What's Shaking?
in the USGS Earthquake Hazards Program (EHP)

Stephen R. Walter
Associate Chief Scientist
Western Earthquake Hazards Team
U.S. Geological Survey

October 22, 2003

(MS Word)
Slides: 1, 2, 3, 4, 5, 6

Related Websites:
About the Earthquake Hazards Program
USGS Earthquake Hazards Program
EHP, Northern California
National Earthquake Hazards Reduction Program
Earth Science Week

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Steve's initial exposure to earthquake hazards came in 1980 following the Mt. St. Helens eruption when he worked the midnight shift monitoring seismicity on the volcano from the USGS field office in Seattle. After graduating with an MS in Marine Geology from the University of Washington in 1981, Steve worked for a summer on USGS seismic experiments at Mt. Shasta and Medicine Lake volcanoes. He joined the USGS in 1982 to lead the seismic monitoring of the northern California Cascade volcanoes where he was the first to recognize long-period "volcanic" earthquakes beneath the Lassen Peak and Medicine Lake volcanoes. When this project merged with the Northern California Seismic Network (NCSN) in the late 1980's, Steve's monitoring duties expanded to include the rest of northern and central California. He began using GIS in the early 1990's, publishing seismicity maps for the San Francisco, San Jose, and Santa Rosa quadrangles, and eventually managing the Earthquake Team's GIS lab. In 2001 he accepted the assignment of Chief Scientist for Operations for the team. Since 1986, Steve has shared the duty of "on-call seismologist", carrying a beeper and responding to "significant" earthquakes throughout northern and central California.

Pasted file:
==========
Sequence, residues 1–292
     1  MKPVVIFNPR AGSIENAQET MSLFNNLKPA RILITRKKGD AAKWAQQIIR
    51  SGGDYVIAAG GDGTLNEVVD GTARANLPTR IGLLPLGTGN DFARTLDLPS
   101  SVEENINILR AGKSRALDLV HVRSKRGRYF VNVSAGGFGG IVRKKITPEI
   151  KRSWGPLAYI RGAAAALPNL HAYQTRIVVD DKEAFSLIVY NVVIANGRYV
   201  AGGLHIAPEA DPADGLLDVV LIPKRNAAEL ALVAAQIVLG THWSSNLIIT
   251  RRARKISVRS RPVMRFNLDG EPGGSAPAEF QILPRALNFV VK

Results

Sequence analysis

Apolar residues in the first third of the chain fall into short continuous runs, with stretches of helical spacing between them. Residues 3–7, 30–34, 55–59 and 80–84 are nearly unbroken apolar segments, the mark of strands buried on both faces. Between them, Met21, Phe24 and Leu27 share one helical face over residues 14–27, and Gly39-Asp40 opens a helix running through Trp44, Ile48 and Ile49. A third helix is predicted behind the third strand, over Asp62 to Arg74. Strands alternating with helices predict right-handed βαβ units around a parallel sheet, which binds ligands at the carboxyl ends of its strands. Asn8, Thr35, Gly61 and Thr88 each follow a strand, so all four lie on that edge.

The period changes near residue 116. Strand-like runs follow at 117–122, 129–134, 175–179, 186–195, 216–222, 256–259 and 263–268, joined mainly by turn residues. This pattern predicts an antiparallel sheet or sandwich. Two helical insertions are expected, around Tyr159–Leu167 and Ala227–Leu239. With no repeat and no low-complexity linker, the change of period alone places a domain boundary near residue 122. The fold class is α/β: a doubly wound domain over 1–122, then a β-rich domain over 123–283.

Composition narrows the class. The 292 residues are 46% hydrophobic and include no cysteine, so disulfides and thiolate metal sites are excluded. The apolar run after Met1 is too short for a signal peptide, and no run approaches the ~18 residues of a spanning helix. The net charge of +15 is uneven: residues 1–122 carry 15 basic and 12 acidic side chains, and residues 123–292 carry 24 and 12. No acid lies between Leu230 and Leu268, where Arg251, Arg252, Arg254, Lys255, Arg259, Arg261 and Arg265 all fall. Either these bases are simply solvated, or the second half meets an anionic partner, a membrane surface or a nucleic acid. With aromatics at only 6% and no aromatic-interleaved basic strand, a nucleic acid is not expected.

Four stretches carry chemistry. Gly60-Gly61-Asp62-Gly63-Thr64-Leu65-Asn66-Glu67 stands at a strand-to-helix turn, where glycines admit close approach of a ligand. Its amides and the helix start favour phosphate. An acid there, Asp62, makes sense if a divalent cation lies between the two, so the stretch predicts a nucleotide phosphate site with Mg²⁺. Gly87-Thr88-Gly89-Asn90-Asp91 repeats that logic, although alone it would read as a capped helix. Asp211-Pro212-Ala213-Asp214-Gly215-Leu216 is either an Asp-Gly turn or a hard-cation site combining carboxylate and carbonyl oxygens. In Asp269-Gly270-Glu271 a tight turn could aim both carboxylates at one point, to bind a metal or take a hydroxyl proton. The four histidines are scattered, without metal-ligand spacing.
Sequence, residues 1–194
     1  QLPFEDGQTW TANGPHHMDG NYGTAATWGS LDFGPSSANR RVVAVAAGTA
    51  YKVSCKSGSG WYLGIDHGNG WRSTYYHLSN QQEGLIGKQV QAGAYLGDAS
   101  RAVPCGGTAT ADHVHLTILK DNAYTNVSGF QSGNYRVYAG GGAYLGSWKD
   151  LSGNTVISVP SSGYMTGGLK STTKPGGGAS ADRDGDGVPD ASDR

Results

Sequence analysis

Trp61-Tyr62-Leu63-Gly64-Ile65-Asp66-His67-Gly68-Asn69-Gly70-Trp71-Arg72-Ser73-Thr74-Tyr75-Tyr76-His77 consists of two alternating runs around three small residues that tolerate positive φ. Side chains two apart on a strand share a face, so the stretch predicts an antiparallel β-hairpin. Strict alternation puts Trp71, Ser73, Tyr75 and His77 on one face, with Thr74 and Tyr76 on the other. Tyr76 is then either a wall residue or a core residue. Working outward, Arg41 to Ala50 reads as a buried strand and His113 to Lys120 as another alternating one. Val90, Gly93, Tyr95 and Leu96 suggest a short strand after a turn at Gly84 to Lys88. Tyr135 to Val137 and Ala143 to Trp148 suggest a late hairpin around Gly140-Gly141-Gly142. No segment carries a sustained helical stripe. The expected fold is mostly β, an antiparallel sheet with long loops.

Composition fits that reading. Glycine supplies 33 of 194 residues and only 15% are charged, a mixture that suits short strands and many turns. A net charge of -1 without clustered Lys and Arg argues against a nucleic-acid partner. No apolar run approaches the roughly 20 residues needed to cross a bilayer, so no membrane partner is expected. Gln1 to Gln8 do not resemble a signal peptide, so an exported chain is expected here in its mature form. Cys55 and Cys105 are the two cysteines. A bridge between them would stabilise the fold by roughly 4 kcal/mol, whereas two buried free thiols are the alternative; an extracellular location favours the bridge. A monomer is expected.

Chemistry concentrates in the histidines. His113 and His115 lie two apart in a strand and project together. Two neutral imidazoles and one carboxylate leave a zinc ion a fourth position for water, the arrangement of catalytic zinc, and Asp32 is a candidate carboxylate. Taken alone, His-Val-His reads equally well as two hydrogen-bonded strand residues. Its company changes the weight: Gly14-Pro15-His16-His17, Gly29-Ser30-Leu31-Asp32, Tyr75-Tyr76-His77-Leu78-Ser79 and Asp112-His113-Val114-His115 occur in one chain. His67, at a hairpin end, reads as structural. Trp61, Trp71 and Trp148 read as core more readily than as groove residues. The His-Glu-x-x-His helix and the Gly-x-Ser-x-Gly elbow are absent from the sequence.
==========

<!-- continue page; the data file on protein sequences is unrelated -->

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The Earthquake Hazards Program (EHP) of the U.S. Geological Survey (USGS) is part of the National Earthquake Hazards Reduction Program (NEHRP) led by the Federal Emergency Management Agency (FEMA). The USGS role in NEHRP is to provide Earth sciences information and products for earthquake loss reduction. The goals of the USGS earthquake program are:

1. Improve earthquake hazard identification and risk assessment methods and their use;

2. Maintain and improve comprehensive earthquake monitoring in the United States with focus on "real-time" systems in urban areas, and

3. Improve the understanding of earthquakes earthquake occurrence and their effects and consequences.

These goals represent the program priorities for the period 1999-2004. These goals are inextricably linked and form a tripod that supports earthquake loss reduction efforts. The effectiveness of each element is dependent on the other two.

These goals are consistent with Goals 1 and 2 of the Science Strategy of the Geologic Division of the USGS, 2000-2010 which are:

1. Conduct geologic hazard assessments for mitigation planning.

2. Provide short-term prediction of geologic disasters and rapidly characterize their effects.